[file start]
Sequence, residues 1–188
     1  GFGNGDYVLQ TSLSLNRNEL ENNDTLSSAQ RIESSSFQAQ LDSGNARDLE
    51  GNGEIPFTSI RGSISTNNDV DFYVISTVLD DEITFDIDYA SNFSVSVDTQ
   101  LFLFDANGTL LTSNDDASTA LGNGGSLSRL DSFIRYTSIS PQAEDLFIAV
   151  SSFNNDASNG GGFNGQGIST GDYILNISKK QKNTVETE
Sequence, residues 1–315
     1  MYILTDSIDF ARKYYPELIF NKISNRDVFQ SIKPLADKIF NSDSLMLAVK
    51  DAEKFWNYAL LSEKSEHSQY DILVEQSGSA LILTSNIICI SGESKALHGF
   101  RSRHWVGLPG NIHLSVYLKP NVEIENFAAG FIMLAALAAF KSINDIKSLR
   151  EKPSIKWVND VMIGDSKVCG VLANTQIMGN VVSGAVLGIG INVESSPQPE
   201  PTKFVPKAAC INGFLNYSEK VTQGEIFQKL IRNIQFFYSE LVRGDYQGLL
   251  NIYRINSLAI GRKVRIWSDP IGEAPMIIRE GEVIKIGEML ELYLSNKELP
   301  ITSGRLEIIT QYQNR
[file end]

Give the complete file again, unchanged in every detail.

Sequence, residues 1–188
     1  GFGNGDYVLQ TSLSLNRNEL ENNDTLSSAQ RIESSSFQAQ LDSGNARDLE
    51  GNGEIPFTSI RGSISTNNDV DFYVISTVLD DEITFDIDYA SNFSVSVDTQ
   101  LFLFDANGTL LTSNDDASTA LGNGGSLSRL DSFIRYTSIS PQAEDLFIAV
   151  SSFNNDASNG GGFNGQGIST GDYILNISKK QKNTVETE
Sequence, residues 1–315
     1  MYILTDSIDF ARKYYPELIF NKISNRDVFQ SIKPLADKIF NSDSLMLAVK
    51  DAEKFWNYAL LSEKSEHSQY DILVEQSGSA LILTSNIICI SGESKALHGF
   101  RSRHWVGLPG NIHLSVYLKP NVEIENFAAG FIMLAALAAF KSINDIKSLR
   151  EKPSIKWVND VMIGDSKVCG VLANTQIMGN VVSGAVLGIG INVESSPQPE
   201  PTKFVPKAAC INGFLNYSEK VTQGEIFQKL IRNIQFFYSE LVRGDYQGLL
   251  NIYRINSLAI GRKVRIWSDP IGEAPMIIRE GEVIKIGEML ELYLSNKELP
   301  ITSGRLEIIT QYQNR